Arctic Inspiration Prize co-founder wants more Yukon nominees

Arnold Witzig met with community leaders at the Association of Yukon Communities meeting in Watson Lake over the weekend to urge them to identify potential contestants for the million dollar prize.

Arnold Witzig encourages community leaders to become involved in nominating contestants

Arnold Witzig urged community leaders meeting in Watson Lake, Yukon over the weekend to become involved in nominating groups for the Arctic Inspiration Prize. (Dave Croft/CBC)

One of the co-founders of the Arctic Inspiration Prize has been in Yukon recruiting new ambassadors to identify and nominate potential prize winners.

Arnold Witzig was at the Association of Yukon Communities meeting in Watson Lake this past weekend to encourage municipal leaders to join in.

"MLAs, mayors, and so on, these are the people who are in the communities, who have access to their people and should be interested and will know if there is something going on — a project, a team, that wants to do something," Witzig said.

Witzig and his wife Sima Sharifi are both immigrants to Canada and created the prize as a way to contribute to the future of their adopted country.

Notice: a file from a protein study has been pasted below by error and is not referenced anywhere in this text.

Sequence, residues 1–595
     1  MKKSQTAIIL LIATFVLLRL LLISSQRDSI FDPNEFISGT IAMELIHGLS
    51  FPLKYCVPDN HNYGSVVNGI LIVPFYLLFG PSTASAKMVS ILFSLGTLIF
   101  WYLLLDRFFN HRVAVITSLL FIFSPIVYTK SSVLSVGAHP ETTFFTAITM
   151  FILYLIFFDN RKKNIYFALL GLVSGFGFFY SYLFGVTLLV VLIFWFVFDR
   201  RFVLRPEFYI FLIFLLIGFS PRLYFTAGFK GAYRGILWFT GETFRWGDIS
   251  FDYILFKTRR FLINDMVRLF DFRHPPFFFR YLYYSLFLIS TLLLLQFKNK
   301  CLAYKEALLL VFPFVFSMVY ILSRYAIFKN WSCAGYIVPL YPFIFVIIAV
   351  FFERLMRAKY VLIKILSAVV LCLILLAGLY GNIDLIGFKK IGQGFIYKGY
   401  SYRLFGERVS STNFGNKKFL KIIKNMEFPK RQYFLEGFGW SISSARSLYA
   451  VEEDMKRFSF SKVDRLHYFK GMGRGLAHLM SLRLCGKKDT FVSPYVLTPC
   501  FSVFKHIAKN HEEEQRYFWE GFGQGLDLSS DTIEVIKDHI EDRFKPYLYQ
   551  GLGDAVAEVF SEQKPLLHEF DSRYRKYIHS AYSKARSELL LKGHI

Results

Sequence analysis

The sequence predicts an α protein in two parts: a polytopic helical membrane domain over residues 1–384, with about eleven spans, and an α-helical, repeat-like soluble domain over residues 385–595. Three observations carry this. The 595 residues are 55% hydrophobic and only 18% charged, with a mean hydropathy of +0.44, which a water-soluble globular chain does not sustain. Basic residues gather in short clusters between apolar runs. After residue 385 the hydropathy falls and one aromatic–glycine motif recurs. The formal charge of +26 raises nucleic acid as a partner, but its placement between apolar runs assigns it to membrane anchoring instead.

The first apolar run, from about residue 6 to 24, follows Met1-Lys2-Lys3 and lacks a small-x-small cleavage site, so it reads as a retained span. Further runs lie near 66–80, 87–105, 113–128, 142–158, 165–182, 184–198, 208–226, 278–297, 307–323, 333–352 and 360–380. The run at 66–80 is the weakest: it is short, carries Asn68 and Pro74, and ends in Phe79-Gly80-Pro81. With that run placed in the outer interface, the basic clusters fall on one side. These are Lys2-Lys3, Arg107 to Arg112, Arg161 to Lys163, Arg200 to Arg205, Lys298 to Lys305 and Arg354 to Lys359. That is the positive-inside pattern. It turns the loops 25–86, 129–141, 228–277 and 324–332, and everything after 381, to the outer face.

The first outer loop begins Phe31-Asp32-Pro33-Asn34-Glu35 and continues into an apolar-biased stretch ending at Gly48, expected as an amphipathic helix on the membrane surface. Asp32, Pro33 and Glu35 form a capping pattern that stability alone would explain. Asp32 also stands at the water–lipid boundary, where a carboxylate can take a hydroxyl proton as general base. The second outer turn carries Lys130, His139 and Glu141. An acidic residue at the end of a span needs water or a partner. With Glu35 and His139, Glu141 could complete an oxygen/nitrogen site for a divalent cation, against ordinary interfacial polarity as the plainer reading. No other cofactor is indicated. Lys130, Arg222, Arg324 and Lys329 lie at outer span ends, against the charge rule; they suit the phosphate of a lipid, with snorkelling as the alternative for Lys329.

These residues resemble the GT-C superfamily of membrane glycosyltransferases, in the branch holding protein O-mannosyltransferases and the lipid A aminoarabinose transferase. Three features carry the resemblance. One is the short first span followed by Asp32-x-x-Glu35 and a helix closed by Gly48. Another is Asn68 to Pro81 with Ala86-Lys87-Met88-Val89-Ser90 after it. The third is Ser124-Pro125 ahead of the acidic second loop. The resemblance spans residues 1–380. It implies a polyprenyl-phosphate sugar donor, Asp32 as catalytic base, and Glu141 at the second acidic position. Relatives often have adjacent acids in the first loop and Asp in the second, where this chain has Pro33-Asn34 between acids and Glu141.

The award is meant help groups that are working to better the lives of Northerners.

In 2015, the $1.5 million prize was shared by three groups: Better Hearing in Education for Northern Youth, which works with youth in Nunavut whose education is suffering because of hearing loss; Qaggiq, which uses performing arts to improve the prospects for youth at risk; and the Tri-Territorial Recreation Project, which promotes recreation as a way to improve Northerners' quality of life.  

Witzig said the competition is in its fifth year.

"We are now in kind of a transition phase to make it really owned by the North. This always was for the North, but the goal was always to be owned really by the North."